The results are also consistent with accounts of practitioners and research on teams that suggest that teamwork can both exacerbate and conceal conflicts between the interests of agents (the lawyers and investment bankers) and their clients (the issuing companies). While teamwork may improve efficiency and yield better results in a transaction, the group’s pursuit of a common goal can blur the boundaries of a lawyer’s agency role and create confusion as to whether the lawyers should pay deference to the issuer or the underwriter—a confusion that is intensified when the lawyers have an incentive to ingratiate themselves with the investment banks who are repeat players in the IPO market. At the same time, teamwork can make such conflicts difficult to deal with, because parties either fail to recognize the conflicts or shy away from raising objections for fear of damaging the collaborative team ethos. Over time, team members’ desire for cohesion and aversion to disagreement may also lead to groupthink, thus making it more difficult for lawyers to perceive how their clients’ interests diverge from the goals that the group is pursuing. In short, teamwork may paradoxically be both the key to a successful deal and a threat to the lawyer’s effectiveness as an advocate.
These results, along with those described in more detail in the article, provide evidence that, while teamwork might improve a deal’s outcome, the familiarity and collaboration that go hand-in-hand with teamwork have the potential to enhance the costs of agents’ misaligned incentives. Put simply, frequent interaction is a core component of teamwork, and groups who work together form better teams. However, teamwork in a context where adversarial interests exist may pose dangers with respect to the lawyer’s fundamental duties as an agent. This conclusion has implications for the law of fiduciary duty, the rules governing lawyers’ ethics, and the practical norms by which securities deals are executed, all of which are discussed in the article.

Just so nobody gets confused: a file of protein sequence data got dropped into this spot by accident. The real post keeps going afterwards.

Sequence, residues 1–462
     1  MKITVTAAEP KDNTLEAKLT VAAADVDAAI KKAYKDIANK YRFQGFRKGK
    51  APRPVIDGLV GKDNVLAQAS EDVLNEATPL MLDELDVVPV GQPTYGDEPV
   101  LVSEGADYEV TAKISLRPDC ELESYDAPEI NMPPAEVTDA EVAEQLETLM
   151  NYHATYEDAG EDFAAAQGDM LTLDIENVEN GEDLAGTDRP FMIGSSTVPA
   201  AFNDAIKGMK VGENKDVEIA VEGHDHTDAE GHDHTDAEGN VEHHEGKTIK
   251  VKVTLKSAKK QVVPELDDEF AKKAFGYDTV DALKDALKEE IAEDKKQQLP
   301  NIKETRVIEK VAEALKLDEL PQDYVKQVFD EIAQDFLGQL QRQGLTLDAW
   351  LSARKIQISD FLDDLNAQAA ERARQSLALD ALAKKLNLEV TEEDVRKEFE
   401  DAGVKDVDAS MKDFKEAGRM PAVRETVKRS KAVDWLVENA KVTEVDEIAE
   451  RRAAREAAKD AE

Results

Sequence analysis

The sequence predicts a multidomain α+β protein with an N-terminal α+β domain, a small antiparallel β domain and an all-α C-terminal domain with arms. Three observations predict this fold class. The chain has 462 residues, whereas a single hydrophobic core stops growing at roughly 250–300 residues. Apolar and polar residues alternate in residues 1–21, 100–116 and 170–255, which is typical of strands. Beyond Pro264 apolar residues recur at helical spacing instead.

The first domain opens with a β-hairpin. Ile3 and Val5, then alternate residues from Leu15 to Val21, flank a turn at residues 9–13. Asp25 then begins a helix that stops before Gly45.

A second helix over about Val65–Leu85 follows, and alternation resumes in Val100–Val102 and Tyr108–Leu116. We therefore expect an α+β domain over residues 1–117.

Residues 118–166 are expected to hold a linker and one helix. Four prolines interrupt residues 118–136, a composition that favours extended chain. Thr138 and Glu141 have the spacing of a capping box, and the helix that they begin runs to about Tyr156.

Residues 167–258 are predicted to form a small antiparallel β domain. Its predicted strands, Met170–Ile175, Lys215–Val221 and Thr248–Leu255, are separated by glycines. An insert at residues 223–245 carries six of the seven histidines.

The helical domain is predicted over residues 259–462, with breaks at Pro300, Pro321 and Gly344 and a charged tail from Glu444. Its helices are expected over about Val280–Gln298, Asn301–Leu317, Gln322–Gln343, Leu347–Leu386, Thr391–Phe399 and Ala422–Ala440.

The most obvious solution to this problem is to prevent lawyers who represent underwriters from representing issuers within a certain time frame, as is done with audit partners in accounting firms as a result of the Sarbanes Oxley Act. However, that solution, while attractive for its simplicity, precludes the possibility that the benefits of teamwork can be harnessed while minimizing agency costs. A more satisfying solution starts with greater recognition of the importance of dissent in team dynamics. Researchers in the field of psychology have found that group tasks result in better outcomes when some members of the group are permitted, or even encouraged, to raise objections. This can be done without damaging the positive aspects of a team dynamic or straining the relationships among team members. In fact, lawyers are especially well suited to providing an advocacy role within a collaborative setting, although doing so effectively requires them to establish early in any deal an agreed process through which dissent can be raised.
This post comes to us from Professor Jeremy McClane at the University of Connecticut School of Law. It is based on his recent article, “The Agency Costs of Teamwork,” available here.